The band was shot separately, seated in a dentist’s chair to help restrict below the neck movement on Digi- Beta, with a set of detailed storyboards used for reference. With the live footage in the can an intensive week of creating animatics and producing the entire concept art and design for the production (spacesuits, helmets, spacecraft, color design, etc.) began. The animatics were quickly rendered and cut into a rough working edit. These proved to be an indispensable part of the process and much of the animation created for them was used in the final promo. The live action band footage was telecined at Glassworks, with Ark VFX receiving over 250GB of frames back to work with.

Week two saw the beginning of modeling (the spaceship and spacesuits), with a couple of freelances drafted in to ease the heavy workload. Other elements, such as the helmets, cockpit and launch-site were completed in-house. To remain on course with the tight schedule, the less labor-intensive technique of using matte paintings for complex background shots was employed, saving a massive amount of time. A similar shortcut was used for the cockpit shots. By rendering a high resolution still of the cockpit and compositing the shots of the band on top, the need for rendering thousands of frames was cut down. As a consequence, by mid-production the first Muse shots were completed, with their heads seamlessly composited within the computer-generated helmets, suits and backgrounds. Also, a number of the matte painting shots were starting to come together, while the overall tone and feel of the finished product was taking shape, as animatic shots in the edit were being replaced by final or almost final shots on a daily basis.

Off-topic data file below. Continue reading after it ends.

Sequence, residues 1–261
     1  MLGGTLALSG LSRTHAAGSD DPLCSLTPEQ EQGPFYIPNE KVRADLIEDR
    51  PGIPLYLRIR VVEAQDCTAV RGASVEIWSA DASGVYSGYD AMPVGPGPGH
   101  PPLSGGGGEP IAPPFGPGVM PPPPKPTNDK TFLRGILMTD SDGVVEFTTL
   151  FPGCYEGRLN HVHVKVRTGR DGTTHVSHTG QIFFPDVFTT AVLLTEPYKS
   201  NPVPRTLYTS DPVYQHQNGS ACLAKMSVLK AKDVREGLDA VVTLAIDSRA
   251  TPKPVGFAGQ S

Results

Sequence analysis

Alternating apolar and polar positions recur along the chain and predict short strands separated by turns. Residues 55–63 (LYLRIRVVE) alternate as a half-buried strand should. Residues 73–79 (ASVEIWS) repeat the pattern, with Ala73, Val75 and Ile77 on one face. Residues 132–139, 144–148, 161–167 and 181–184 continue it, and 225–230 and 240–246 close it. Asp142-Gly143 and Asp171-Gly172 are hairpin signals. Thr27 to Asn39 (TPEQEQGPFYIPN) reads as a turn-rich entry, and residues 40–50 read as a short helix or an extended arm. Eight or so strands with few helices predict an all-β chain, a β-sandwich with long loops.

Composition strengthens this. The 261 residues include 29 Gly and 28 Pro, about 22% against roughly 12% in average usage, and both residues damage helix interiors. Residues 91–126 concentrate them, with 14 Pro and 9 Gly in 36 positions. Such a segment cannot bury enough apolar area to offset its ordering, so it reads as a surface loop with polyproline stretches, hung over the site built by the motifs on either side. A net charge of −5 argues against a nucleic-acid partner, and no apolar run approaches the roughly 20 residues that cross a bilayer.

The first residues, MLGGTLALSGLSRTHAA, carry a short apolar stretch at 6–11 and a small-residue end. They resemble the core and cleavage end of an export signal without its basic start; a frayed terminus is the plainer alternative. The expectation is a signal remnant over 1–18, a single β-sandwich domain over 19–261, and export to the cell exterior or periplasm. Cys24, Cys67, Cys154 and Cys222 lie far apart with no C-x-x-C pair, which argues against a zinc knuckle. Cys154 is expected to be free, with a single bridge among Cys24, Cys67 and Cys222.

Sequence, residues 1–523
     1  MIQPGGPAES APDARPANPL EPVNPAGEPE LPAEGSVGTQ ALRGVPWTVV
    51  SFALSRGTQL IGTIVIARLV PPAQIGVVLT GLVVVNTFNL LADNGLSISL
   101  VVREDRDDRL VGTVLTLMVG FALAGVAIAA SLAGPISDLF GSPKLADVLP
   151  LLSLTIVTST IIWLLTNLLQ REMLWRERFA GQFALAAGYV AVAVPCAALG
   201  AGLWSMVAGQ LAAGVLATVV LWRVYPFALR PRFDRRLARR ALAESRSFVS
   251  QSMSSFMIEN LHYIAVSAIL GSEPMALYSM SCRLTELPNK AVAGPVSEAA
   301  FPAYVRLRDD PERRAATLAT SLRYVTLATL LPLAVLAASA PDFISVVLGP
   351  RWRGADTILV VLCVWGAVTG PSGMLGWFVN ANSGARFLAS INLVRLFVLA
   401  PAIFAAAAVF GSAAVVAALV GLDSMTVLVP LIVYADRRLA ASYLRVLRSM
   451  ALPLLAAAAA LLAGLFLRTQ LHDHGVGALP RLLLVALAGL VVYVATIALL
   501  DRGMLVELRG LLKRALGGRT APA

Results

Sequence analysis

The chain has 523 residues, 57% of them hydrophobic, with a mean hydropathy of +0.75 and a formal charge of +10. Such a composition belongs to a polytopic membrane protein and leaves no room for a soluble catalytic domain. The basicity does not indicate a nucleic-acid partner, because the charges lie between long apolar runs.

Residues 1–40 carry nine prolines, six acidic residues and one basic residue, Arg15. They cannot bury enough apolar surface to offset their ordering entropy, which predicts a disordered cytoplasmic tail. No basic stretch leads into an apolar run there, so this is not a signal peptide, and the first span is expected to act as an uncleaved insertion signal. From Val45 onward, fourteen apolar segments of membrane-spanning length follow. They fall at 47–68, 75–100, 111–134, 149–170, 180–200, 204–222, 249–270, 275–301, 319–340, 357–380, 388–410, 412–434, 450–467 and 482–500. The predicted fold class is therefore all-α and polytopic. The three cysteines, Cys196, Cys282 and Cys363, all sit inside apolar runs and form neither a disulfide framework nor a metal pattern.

The thorough planning of the early stages of the project began to pay off, with an absence of the caffeine-induced all-nighters and even a few weekends off. This leisurely pace meant that Ark VFX could revisit and/or re-render some sequences they felt weren’t quite up to scratch. Finally, falling snow and sound effects were added, enhancing the cinematic feel of the video. With all shots completed, the frames were digitally graded and transferred to Digi-Beta at The Mill.

Sign for Absolution was completed using standard PCs running a mix of Lightwave 3D, Adobe Photoshop CS, Premiere Pro, Audition and Digital Fusion DFX for all aspects of the production.

See also